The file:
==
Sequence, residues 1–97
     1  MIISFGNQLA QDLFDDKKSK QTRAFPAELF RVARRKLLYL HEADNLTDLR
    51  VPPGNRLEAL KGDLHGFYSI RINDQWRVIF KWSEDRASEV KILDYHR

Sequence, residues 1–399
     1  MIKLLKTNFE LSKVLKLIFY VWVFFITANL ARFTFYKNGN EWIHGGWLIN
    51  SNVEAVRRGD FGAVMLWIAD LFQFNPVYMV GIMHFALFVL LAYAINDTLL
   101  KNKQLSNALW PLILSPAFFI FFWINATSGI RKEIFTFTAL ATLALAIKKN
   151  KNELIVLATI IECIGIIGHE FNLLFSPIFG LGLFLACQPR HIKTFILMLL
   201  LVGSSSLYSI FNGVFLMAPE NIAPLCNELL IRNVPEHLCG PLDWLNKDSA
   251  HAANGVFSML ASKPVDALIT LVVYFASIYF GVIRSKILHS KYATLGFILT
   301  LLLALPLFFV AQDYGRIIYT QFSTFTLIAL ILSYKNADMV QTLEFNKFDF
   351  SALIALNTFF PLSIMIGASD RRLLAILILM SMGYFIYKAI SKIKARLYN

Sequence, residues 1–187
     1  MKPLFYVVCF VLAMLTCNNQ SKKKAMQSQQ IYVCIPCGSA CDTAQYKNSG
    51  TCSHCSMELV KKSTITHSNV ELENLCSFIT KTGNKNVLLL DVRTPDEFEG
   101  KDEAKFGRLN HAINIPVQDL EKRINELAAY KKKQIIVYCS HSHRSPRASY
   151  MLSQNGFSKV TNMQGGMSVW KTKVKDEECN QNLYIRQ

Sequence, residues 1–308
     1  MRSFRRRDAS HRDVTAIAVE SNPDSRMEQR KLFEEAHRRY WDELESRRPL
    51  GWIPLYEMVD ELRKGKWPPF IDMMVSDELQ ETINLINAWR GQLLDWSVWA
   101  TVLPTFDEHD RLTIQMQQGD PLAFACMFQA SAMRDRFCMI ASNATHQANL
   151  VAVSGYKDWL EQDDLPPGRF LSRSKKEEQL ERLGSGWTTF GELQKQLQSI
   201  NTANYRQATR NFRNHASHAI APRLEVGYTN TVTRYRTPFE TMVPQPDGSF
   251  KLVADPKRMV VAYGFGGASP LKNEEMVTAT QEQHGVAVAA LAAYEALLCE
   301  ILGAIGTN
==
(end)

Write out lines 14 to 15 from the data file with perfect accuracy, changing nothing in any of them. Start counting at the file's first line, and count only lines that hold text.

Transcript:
     1  MKPLFYVVCF VLAMLTCNNQ SKKKAMQSQQ IYVCIPCGSA CDTAQYKNSG
    51  TCSHCSMELV KKSTITHSNV ELENLCSFIT KTGNKNVLLL DVRTPDEFEG